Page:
Wednesday, July 27, 2016

Rough Riders On Mars! - Chapter 18 – I Weigh Our Options And Determine our Course

Chapter 18 – I Weigh Our Options And Determine our Course

I called my officers to a meeting at the station. We needed to discuss our options to bring this situation to a successful conclusion.

Men, I am sure you have heard about the abduction of Miss Linton by now.” I began. “It is now up to us to determine our next course of action. So first, Let’s review our current situation. Currently, we expect hostilities from the government troops at any time. If we send out an expedition to rescue Miss Linton, we will be inviting action by Reytik’s men. I assume my message to Reytik will be met with derision. Finally, we know nothing of Jordak or what forces he has.”

“We cannot sit here and wait for things to happen.” said Lt. Coleman

“We whipped the Martians easy enough in our first fight.” said Lt. Wilcox. “I reckon we can do it again.”

“Indeed, we defeated a force of ill equipped desert ruffians easily enough and we could do the same with Jordak’s men.” I said. “However, I am more concerned with how we’ll fare against Reytik’s well armed guards.” I continued, “I will not just sit here and wait for events to unfold, but we must measure our actions to ensure the safety and success of this endeavor.”

“What do you suggest we do?” asked Lt. Thomas.

“First, we determine the strength of Jordak’s tribe. Then we can calculate the force required to rescue Miss Linton.”, I said. “We have the auxiliaries of Chronto and Borlak at our disposal to either augment our field force or the troops that remain here. Professor Boas, what can you tell us of Jordak?”

“Most desert tribes are made up of from two to five clans containing around twenty warriors each.” He said. “Occasionally, two or more tribes may join together to pursue a common goal, but these mergers seldom last long.”

“Send for Chronto.” I told the orderly. “Perhaps he can give us more information specific to Jordak.”

When Chronto arrived, I asked him to tell us what he knew of Jordak.
Chronto said, “Jordak is an Akulu on the Lacus Ismenius. He has three Taifa in his camp. This would equal about one hundred and twenty warriors. Each group is armed with a variety of weapons. Approximately half have hand to hand combat weapons and the other half have shooting weapons, mainly bows but with a few guns. He has no artillery, but I hear he has acquired a Lagusan and a handler,”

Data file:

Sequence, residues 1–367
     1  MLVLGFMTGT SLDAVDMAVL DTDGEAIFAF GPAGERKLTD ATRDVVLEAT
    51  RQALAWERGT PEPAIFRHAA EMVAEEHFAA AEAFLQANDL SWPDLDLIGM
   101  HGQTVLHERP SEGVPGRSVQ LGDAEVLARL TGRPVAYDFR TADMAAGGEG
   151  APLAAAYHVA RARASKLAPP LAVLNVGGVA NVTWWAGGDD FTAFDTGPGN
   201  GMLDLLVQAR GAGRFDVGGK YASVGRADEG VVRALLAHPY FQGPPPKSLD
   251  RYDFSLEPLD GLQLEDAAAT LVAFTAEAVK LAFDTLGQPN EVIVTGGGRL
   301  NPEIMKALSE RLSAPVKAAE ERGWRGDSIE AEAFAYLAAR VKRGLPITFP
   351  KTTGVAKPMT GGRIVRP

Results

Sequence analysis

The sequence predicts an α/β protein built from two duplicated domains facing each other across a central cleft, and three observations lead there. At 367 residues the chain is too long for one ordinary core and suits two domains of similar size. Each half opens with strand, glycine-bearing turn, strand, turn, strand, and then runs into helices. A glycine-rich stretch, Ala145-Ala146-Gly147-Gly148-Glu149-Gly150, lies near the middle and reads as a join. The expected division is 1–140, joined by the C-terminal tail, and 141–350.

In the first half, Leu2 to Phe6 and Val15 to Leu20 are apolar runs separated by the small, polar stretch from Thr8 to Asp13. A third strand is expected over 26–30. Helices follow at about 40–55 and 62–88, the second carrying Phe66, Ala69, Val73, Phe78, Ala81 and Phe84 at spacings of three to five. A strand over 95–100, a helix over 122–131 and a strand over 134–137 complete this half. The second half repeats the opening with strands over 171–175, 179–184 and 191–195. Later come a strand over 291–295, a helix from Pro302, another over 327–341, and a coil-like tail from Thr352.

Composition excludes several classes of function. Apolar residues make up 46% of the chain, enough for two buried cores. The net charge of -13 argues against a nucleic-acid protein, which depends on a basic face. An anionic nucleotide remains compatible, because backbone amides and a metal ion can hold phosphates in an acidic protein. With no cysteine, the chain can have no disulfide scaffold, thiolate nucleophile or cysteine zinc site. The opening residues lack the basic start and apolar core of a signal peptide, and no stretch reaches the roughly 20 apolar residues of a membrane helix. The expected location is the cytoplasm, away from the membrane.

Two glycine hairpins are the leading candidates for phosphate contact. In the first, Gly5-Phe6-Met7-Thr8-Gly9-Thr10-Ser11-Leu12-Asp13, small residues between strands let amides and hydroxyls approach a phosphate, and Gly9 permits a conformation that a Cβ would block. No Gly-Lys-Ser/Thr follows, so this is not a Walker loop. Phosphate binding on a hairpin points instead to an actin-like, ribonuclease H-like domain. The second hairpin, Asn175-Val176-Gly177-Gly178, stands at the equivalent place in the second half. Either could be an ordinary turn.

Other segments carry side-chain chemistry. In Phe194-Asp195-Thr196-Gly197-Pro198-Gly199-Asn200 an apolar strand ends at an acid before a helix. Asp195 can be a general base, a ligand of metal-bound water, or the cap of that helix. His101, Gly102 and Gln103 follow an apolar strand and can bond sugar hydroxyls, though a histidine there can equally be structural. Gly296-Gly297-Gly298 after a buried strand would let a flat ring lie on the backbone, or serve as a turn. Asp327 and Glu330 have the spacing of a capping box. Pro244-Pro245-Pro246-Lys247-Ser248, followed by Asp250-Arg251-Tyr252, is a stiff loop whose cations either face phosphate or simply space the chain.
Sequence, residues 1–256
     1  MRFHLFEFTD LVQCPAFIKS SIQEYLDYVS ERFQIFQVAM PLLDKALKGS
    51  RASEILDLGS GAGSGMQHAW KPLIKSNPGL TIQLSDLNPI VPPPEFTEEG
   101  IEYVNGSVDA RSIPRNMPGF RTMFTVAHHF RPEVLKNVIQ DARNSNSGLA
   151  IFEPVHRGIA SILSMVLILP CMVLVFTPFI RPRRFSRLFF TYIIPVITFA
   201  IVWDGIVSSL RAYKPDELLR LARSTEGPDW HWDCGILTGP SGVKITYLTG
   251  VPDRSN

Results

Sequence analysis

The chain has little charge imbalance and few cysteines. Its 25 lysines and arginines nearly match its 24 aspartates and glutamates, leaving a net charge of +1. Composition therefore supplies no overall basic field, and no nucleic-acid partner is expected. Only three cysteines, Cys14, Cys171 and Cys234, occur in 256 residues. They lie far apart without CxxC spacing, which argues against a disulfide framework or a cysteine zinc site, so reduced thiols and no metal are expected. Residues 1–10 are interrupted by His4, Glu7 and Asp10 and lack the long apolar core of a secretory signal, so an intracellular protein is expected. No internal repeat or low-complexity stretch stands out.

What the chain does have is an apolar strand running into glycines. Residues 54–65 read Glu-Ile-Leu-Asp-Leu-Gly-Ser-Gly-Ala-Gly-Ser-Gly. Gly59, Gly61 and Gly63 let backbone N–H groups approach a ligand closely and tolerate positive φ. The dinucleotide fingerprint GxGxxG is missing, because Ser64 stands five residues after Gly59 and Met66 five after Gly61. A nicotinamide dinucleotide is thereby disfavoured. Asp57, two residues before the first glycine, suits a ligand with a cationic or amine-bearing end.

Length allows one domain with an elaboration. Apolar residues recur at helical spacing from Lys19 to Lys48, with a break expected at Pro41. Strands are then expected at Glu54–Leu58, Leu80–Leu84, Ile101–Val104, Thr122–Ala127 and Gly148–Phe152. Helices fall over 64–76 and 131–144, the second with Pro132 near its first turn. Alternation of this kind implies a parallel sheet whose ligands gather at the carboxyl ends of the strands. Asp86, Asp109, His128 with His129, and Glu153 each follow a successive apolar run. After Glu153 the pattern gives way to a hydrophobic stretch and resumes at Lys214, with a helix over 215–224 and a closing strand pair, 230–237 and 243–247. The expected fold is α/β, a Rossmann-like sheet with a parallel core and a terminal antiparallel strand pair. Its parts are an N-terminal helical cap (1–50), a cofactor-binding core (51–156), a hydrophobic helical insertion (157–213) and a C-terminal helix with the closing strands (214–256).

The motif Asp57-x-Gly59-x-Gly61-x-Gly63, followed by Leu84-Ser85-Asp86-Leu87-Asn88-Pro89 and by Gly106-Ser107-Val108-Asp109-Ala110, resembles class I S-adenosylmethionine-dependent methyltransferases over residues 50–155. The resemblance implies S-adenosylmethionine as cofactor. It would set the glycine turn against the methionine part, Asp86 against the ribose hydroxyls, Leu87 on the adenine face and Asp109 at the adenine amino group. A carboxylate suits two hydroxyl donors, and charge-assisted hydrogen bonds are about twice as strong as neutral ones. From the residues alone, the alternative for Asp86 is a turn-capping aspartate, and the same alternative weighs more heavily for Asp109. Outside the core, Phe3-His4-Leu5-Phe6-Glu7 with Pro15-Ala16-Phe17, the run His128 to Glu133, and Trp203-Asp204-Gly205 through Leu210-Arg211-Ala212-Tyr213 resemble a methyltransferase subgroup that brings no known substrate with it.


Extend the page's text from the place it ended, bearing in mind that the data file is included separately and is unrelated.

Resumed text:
“What is a Lagusan?” I asked.

“A Lagusan is an earth elemental creature.” He said. “It can move through the ground like we move through air. Should the lagusan engulf an object, like a baridium torpedo, it can transport the object underground. It is directed, telepathically by the handler to a location where it then can disgorge the item, where it will remain unseen below the surface. Typically, the baridium torpedo is set with a timer, so that it will explode once the Lagusan has moved away”

“Thank you Chronto.” I said. “This information tells me what I need to know.”

I had one of my men call for Borlak as I formulated a plan with my officers.

“I feel that we can spare only one company and Chronto’s scouts for the rescue mission.” I said. “I will also include one of the Gatling guns. How long will it take to get to Jordak’s camp, Chronto?”

“ It is about 500 batu (450 Earth miles) from here.” He said. “The journey will take about 38 sol on foot.”

“That is unacceptable.” I said. “Jordak has a day head start on us. Is there any chance we could catch him?”

“I doubt it.” Chronto said. “His whole force is mounted, no doubt. And even if he is slowed by his captive, he will still make close to 40 batu a day.”

“What if we take a canal boat?” I asked.

“That would cut our time down considerably,” he said, “perhaps even in half.”

“We would still be away about a month.” I said. “ We still need something faster!”

At this time Borlak entered. “I think I can help you, Mr. Roosevelt.” He said. “In a special warehouse, not far from here, I has a ship I acquired from an Argyrian pirate. It should get you there ahead of those bandits.”

“Can it carry forty men, our artillery, and our provisions?”, I asked.

Borlak replied, “Certainly, it was a merchant ship before it was employed in more nefarious endeavors.”

“Bully!” I replied. “Then, after nightfall, Chronto and I will take our men to your warehouse. We will embark the men and supplies and be off before daybreak. Thank you for your assistance Mr. Borlak, with your help we may yet come out of this affair ahead.”
“You are most welcome Sir.” He replied.

I sent Lieutenants Griffin and Wilcox to make things ready for the expedition while I continued to converse with my remaining officers, Borlak, and Chronto.

“Borlak, Do you realize that when Reytik discovers us missing, he will probably try to finish you off?” I said.

`I believe you are right, Mr. Roosevelt.” He said. “But he is going to mount another offensive sooner or later. Hopefully, we can keep your leaving a secret until your return. However, we shall be adopting a defensive posture until your return.”

“Coleman, you are in charge of the fort.” I said. “And Ballard, you are in charge of the station. Hopefully, I will not come back to find another Alamo and Goliad.”

“Here, here!” my officers exclaimed.

We broke up our meeting so that our preparations could be made. My company made things ready to move quietly out of the fort after dark. Coleman and Ballard worked toward making things look normal with one third fewer men, and Borlak went to set up a defensive perimeter that looked like nothing out of the ordinary.

By nightfall everything was in readiness. We moved quietly out of the fort toward the Leontes canal. We moved up the canal to Borlak’s warehouse. We met Chronto and his company outside. A side door opened through which we entered. What we found inside was amazing.

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